I’ve gotten lazy. A ton has happened since I last checked in, I’m on a different continent in a brand new hemisphere and I’ve crossed the Atlantic twice just for starters, and maybe because of that I just haven’t had much of a desire to write lately. But it’s time to catch you all up, so I’ll do my best to keep this a manageable length….
I was ecstatic to land at JFK in a way I can’t really describe. I didn’t really feel all that homesick in Russia, so it was a good, unexpected kind of happy when I touched down on American soil. I exchanged pleasantries with the not too pleasant customs agent and made small-talk with a woman waiting next to me at baggage claim. I really missed the ability to strike up a real conversation with a stranger, which I think is one of those big little reasons that Russia never felt like home. New York felt like home instantly.
I headed to my sister Michelle’s apartment and while she distracted me with my American cell phone, my parents burst through her door, my dad filming my reaction to their surprise just like he’s done for every other potentially meaningful moment (and countless trivial ones) since the day I was born.
My mom didn’t believe me that I was surprised, but I swear I was. I knew Jaime’s mom was meeting him in NY for the two day layover, but I personally thought it would be a little ridiculous for my parents to fly all the way across the country and back just to see me for two days. But they also missed me a ton (and I missed them right back) and made it a bigger trip, getting to see Michelle too and stopping to see my sister Karin in Michigan on the way back.
I was real busy over my two days in New York. I got to have some real ethnic food for the first time in almost two months, specifically Mexican (Chipotle!) and Indian food. I worked out in a gym, saw a close friend at NYU twice, and even observed Ms. Alpert’s (Michelle) 4th grade class at PS 1 in the Bronx.
She’s part of this amazing program called New York Teaching Fellows. It was surreal to watch these 10 year olds addressing my sister only four years older than me, only a few months out of college as one of the main authority figures in their lives. I’m so proud of her and her subway e-mails chronicling the highs and lows are a real source of inspiration for my writing.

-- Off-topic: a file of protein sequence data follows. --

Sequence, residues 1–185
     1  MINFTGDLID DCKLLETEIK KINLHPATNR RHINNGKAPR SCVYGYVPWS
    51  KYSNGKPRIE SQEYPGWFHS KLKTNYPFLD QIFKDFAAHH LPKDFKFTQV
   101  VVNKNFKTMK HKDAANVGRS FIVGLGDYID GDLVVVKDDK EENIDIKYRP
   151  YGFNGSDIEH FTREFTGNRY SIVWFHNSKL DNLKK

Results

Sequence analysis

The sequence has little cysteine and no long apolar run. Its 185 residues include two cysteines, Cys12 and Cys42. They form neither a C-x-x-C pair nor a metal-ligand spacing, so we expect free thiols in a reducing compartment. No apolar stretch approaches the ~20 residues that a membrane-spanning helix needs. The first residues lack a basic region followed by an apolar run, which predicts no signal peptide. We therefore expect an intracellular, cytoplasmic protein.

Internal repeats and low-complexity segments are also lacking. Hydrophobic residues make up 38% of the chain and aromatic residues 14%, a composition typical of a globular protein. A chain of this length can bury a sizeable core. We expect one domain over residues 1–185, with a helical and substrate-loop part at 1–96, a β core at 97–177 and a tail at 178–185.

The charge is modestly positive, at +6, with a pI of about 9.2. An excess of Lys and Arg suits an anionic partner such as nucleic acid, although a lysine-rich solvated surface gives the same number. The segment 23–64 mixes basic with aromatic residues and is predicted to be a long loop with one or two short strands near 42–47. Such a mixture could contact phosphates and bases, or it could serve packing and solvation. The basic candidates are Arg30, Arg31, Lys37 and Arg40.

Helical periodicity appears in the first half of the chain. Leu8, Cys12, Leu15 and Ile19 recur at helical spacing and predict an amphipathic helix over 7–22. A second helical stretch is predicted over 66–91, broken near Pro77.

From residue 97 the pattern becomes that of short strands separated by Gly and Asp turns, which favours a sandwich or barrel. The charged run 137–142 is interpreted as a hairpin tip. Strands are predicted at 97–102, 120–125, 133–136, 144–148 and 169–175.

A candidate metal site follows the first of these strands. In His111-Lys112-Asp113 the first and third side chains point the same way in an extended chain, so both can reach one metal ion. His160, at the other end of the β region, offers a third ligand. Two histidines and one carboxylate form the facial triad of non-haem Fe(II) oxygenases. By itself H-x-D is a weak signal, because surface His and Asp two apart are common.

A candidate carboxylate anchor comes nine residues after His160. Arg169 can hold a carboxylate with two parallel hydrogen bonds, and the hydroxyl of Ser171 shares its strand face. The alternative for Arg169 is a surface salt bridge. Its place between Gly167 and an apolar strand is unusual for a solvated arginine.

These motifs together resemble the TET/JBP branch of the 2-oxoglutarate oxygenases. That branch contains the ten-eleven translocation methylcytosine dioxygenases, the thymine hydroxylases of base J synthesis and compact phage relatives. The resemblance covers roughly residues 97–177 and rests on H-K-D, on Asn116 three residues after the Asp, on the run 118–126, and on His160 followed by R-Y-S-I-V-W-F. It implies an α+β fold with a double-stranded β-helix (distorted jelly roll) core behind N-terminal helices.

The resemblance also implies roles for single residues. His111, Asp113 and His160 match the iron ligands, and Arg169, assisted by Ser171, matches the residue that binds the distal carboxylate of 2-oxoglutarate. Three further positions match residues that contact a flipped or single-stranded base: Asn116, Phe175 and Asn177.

Watching Michelle, excuse me, watching Ms. Alpert (we got in trouble if we called her Michelle in front of her class) also got me thinking about how fast life goes, how quickly sheltered (at least in my privileged case) student life ends and endless real-world responsibilities (jobs, bills, etc) begin. (Excuse all those parentheticals).
It was really hard to say good-bye to my parents and sister, and harder still to get myself excited for South Africa. But the ticket was booked, so I checked my baggage and my little boy homesickness and boarded the plane for my 17 hours of traveling.
Getting into Cape Town and the Barnett Family
Our CCS South Africa program wouldn’t begin until Saturday and we arrived Wednesday afternoon. So in the meantime Jaime and I stayed with the Barnett family.
After Jaime and I had signed up for the program we debated going back to LA for a few days, but both decided it’d be too short a period to be home for, and it’d be better to get a little used to Cape Town before our program. We were left with the problem of finding a place to stay. Luckily one day, the South African mother of our friend Daniel volunteered to help us out and connected us with the Barnetts. There’s a good few degrees of separation, but Mr. Barnett, the brother of our friend Daniel’s mother’s friend, was willing to host us and that was good enough for us.
Mr. Barnett picked us up from the airport, gave us an impromptu tour driving around the city and then back to his house. I really didn’t do my research before coming so I was surprised to find that Table Mountain is in the middle of the city. Mr. Barnett told us it was once three times its current size, but the winds slowly leveled it so it is now much smaller then it once was and its summit is now completely flat.
We got to the house and Jaime and I were shown to our rooms with our very own bathrooms, a luxury I hadn’t had since September!